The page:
• It is actually driven by a Siemens ELFA2[4]electric traction motor.
  • Braking is regenerative.
  • The Cummins diesel engine is mounted under the rear stairs.
  • The 75 KwH battery is mounted under the front stairs.

Effectively, the diesel engine tops up the battery to a high enough level and the wheels are driven from the battery.

The control system manages the energy starting and stopping the engine as required.

The Ultimate Hybrid Bus

In the ultimate hybrid bus, the control system would know lots of other factors, including.

  • The route.
  • The actual and expected number of passengers.
  • The actual and expected weather.
  • Whether Arsenal were plying at home, or there was a demonstration by taxi-drivers.

So it would manage the power in the battery according to the predicted future energy requirements.

What would that do for fuel economy and the reduction of pollution?

But how could the efficiency of the bus be improved further?

  • A lighter battery with the same capacity.
  • A lighter diesel-engine, traction motor and other components.
  • A much improved control system.

As with most things, reducing weight is probably the most important. But don’t underestimate, what can be achieved with the ultimate control system.

It all points to my belief, that we should probably leave the development of batteries to the big boys and concentrate on the applications.

Hybrid Electric Trucks

Hybrid electric trucks are on the way.

Hybrid Trains And Trams

I think the mathematics point to hybrid trains and trams being one of the better applications of batteries in transport.

A typical four-car electric multiple unit like a new Class 710 train, weighs about 130 tonnes or 138 tonnes with passengers. Going at a line speed of 100 kph, it has a kinetic energy of 15 KwH. So this amount of kinetic energy would be well within the scope of a 75 KwH battery from a Routemaster bus.

I think that the typical four-car electric multiple unit can easily be fitted with a battery to handle the braking for the train.

The physics of steel-wheel-on-steel-rail are also very efficient, as Robert Stephenson, if not his father, would have known.

But with trains, there are several ways the batteries can be charged.

  • From 25 KVAC overhead power.
  • From 750 VDC third-rail power.
  • By recovering braking energy.
  • From a small diesel generator.

A good control system manages the energy and also raises and lowers the pantograph as needed.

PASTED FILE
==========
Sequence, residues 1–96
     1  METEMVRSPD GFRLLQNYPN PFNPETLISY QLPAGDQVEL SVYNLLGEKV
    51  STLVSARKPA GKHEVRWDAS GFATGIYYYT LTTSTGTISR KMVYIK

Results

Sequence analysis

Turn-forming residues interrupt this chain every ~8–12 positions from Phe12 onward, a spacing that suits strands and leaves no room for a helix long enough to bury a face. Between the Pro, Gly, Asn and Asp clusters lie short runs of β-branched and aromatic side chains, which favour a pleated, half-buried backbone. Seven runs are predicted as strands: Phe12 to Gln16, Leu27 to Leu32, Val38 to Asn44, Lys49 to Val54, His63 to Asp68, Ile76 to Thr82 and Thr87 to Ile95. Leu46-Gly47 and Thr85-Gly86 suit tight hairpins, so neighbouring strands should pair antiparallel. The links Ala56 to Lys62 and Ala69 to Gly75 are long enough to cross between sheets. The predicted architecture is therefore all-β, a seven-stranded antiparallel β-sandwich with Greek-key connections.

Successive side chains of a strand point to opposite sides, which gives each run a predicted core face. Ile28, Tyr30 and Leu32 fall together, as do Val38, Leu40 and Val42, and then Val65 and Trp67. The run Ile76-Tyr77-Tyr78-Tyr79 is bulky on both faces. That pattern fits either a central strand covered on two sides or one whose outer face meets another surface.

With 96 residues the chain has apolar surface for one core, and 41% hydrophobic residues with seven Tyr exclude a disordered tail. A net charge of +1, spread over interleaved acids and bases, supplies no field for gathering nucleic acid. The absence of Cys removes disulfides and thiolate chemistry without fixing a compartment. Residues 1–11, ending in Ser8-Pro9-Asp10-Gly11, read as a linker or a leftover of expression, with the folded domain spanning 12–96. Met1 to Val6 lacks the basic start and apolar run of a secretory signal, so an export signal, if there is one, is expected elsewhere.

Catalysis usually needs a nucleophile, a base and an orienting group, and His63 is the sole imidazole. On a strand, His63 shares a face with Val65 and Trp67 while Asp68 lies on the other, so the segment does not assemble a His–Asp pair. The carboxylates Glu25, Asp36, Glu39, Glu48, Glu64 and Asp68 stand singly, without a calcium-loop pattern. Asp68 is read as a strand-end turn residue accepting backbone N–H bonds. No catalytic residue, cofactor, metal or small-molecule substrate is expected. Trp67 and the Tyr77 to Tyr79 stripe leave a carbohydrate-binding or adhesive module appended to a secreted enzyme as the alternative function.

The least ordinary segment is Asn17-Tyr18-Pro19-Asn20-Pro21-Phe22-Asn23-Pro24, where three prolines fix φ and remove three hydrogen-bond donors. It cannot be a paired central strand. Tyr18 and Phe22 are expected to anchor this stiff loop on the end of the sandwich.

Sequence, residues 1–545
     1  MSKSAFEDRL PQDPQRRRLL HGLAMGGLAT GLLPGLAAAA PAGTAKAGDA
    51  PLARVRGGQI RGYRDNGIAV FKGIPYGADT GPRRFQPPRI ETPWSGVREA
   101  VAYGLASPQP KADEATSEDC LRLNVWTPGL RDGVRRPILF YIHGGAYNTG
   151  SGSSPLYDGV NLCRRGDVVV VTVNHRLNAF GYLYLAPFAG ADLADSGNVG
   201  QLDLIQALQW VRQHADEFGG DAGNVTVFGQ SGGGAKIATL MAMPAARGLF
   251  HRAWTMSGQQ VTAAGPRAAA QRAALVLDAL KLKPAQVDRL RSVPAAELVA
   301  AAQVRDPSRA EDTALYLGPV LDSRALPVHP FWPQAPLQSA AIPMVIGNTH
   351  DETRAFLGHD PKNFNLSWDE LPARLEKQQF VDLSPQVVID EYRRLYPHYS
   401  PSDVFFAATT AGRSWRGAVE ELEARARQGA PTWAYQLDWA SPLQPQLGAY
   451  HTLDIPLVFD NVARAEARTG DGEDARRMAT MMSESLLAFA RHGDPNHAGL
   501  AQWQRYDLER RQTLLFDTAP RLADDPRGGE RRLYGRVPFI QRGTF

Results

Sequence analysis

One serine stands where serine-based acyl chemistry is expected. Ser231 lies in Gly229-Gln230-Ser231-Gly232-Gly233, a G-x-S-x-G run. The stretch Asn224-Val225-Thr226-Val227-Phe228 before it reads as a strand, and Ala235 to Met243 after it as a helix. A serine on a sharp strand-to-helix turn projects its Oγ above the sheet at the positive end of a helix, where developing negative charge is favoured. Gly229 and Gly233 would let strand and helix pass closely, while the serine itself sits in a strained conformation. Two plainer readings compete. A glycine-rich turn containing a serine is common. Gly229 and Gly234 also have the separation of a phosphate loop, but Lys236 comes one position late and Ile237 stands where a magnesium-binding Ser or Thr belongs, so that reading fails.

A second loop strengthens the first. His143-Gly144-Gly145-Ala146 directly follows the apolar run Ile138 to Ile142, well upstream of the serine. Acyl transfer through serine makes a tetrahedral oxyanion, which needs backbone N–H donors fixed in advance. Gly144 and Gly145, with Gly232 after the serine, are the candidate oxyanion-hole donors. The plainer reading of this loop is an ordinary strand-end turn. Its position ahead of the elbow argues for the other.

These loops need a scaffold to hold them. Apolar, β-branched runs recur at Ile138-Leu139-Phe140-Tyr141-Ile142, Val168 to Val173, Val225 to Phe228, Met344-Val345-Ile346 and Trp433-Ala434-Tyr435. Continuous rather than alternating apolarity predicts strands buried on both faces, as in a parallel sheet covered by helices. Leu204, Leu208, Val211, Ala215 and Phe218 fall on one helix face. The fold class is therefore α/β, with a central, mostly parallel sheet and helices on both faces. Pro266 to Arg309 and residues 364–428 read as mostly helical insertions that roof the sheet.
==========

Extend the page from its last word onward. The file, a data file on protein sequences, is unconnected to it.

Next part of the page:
Conclusions

Design and manufacturing competition from the big players in batteries, will bring the price down and increase the amount of energy that can be stored in a battery of a particular size.

But the key to making the most out of a battery is to have a well-designed control system to manage the energy.

 

 

January 22, 2017 Posted by | Travel | , , | Leave a comment

Where’s The Emergency Train Power For Crossrail?

Things that can go wrong in a deep rail line do happen and even in the Channel Tunnel, there have been incidents.

There have been two major fires in the Channel Tunnel in 1996 and 2008 and there have also been various train failures.

I am not being alarmist, but as each Class 345 train can carry 1,500 passengers and twenty-four trains per hour will be going through the line for much of the time, there will be an awful lot of people underground at times.

If you look at the specification of a Class 345 train, it has features surely will help recovery if a train breaks down.

I found this snippet on the Internet which gives the formation of the new Class 345 trains.

When operating as nine-car trains, the Class 345 trains will have two Driving Motor Standard Opens (DMSO), two Pantograph Motor Standard Opens (PMSO), four Motor Standard Opens (MSO) and one Trailer Standard Open (TSO). They will be formed as DMSO+PMSO+MSO+MSO+TSO+MSO+MSO+PMSO+DMSO.

This formation and the train design could have positive implications for safety.

  • It looks to me that the train will be two half-trains. Can they be driven independently, as Class 373 trains in the Channel Tunnel can?
  • Half-trains must get around some train failures. If say the pantograph fails on one half-train, the other half-train can take the train to a suitable place like the next station to evacuate the passengers.
  • The trains will also be walk through, so let’s assume that a passenger’s laptop or mobile catches fire, passengers can be moved to another safe part of the train.

I suspect that all the experience of running electric trains in long tunnels for several decades all over the World, will have been used in validating the design of Class 345 trains.

My biggest worry as an electrical engineer and a Londoner, is a complete electrical failure in the capital.

They don’t happen often, but this article on the BBC is entitled Blackout hits London’s Soho on Black Friday.